[Pitt has given the King some papers to sign]
George III: What is this? America, I suppose.
Pitt: No, sir.
George III: Oh, America's not to be spoken of, is that it?
Pitt: For your peace of mind, sir. But it's not America.
George III: Peace of mind! I have no peace of mind. I've had no peace of mind since we lost America. Forests, old as the world itself... meadows... plains... strange delicate flowers... immense solitudes... and all nature new to art... all ours... Mine. Gone. A paradise... lost.
Warren: When will you get it into your head that one can produce a copious, regular and exquisitely turned evacuation every day of the week and still be a stranger to reason.
Dr. Willis: If the King refuses food, He will be restrained. If He claims to have no appetite, He will be restrained. If He swears and indulges in MEANINGLESS DISCOURSE... He will be restrained. If He throws off his bed-clothes, tears away His bandages, scratches at His sores, and if He does not strive EVERY day and ALWAYS towards His OWN RECOVERY... then He must be restrained.
George III: I am the King of England.
Dr. Willis: NO, sir. You are the PATIENT.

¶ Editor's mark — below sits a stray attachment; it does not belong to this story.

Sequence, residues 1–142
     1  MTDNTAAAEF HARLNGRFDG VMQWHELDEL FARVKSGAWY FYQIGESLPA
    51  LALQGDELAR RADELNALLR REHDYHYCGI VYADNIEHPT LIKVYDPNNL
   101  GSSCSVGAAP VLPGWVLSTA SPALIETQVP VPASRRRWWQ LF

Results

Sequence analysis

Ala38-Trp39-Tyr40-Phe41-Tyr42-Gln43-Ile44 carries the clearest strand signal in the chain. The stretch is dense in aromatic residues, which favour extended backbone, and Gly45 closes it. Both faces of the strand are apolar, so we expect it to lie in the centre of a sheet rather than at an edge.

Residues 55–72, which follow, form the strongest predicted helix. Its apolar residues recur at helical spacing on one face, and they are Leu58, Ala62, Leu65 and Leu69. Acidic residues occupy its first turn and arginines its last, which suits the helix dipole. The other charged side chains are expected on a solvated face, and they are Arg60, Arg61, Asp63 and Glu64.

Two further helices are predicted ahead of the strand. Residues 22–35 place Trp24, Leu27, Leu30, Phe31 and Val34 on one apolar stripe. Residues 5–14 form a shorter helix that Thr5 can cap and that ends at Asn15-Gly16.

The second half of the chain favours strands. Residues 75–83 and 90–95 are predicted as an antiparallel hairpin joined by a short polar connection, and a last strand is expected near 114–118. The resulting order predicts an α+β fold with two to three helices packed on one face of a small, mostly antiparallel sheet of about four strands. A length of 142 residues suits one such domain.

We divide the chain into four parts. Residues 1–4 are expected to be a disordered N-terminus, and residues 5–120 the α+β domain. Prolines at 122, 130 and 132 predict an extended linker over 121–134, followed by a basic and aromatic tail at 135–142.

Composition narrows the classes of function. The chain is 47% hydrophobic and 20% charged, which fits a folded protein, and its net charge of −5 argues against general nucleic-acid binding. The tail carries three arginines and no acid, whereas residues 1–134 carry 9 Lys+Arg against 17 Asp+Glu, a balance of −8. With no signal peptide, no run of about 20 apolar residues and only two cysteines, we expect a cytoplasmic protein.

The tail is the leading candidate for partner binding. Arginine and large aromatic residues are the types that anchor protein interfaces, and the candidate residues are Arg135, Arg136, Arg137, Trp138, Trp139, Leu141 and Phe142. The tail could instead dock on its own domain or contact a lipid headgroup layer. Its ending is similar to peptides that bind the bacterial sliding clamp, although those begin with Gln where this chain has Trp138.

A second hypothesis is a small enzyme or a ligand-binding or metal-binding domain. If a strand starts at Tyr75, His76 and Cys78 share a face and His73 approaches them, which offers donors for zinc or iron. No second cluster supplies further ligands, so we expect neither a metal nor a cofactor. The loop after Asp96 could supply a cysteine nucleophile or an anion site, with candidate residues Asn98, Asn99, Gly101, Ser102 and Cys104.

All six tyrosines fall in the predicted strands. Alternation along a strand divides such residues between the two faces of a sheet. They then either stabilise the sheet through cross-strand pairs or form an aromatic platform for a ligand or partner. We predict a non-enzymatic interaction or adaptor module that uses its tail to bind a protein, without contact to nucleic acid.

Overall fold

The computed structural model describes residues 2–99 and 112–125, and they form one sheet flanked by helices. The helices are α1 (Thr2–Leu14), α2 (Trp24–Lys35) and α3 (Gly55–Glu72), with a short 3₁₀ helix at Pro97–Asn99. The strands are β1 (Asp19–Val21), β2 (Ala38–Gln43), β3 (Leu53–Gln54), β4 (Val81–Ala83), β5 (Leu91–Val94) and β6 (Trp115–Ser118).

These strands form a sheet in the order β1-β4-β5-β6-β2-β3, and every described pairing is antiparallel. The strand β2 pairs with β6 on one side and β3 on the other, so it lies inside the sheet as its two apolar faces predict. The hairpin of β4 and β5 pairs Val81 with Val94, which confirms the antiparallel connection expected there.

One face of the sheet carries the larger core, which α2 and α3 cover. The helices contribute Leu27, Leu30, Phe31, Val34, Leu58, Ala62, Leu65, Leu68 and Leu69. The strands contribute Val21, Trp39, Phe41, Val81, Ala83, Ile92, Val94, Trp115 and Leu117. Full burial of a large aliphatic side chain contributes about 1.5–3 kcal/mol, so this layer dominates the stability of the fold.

George III: [to William Pitt] You'll have to speak up, I don't see very well.
Fitzroy: To be kind does not commend you to kings. They see it, as they see any flow of feeling, as a liberty. A blind eye will serve you better.
Pitt: We consider ourselves blessed in our constitution. We tell ourselves our Parliament is the envy of the world. But we live in the health and well-being of the sovereign as much as any vizier does the Sultan.
Thurlow: [to Dundas] The Sultan orders it better. He has the son and heir strangled.
Fox: God rot all royals! Give us the wisdom of America!
Thurlow: [referring to the Prince of Wales] It takes character to withstand the rigours of indolence.
[Margaret Nicholson has attempted unsuccessfully to kill the King]
Margaret Nicholson: I have a property due to me from the Crown of England!
George III: The poor creature's mad. No, do not hurt her, she has not hurt me.
Margaret Nicholson: Give me my property or the country will be drenched in blood!
George III: Will it indeed, madam?
[He picks up her extremely small knife]
George III: Well, not with this. It's a fruit knife, wouldn't cut a cabbage.
George III: [Signs document] Married yet, Mr. Pitt, what what?
Pitt: No, sir.
George III: [Blows excess pounce off document] Got your eye on anybody then, hey?
Pitt: No, sir.
George III: [Holds out document, which Pitt retrieves while handing the king another one] A man should marry - yes, yes.
[Looks at new document]
George III: Best thing I ever did. And children, you see, children. Great comfort, of course.
George III: This fellow we're putting in as professor at Oxford - was his father Canon of Westminster?
Pitt: I've no idea, sir.
George III: Yes! Yes. Phillips. That's the father, this is the son. And the daughter married the organist at Norwich Cathedral. Sharpe. Yes, and their son is the painter. And the other son is a master at Eton. And he married somebody's niece.
Pitt: Your Majesty's knowledge of even the lowliest of your appointments never ceases to astonish me.
[the king laughs as he signs the document]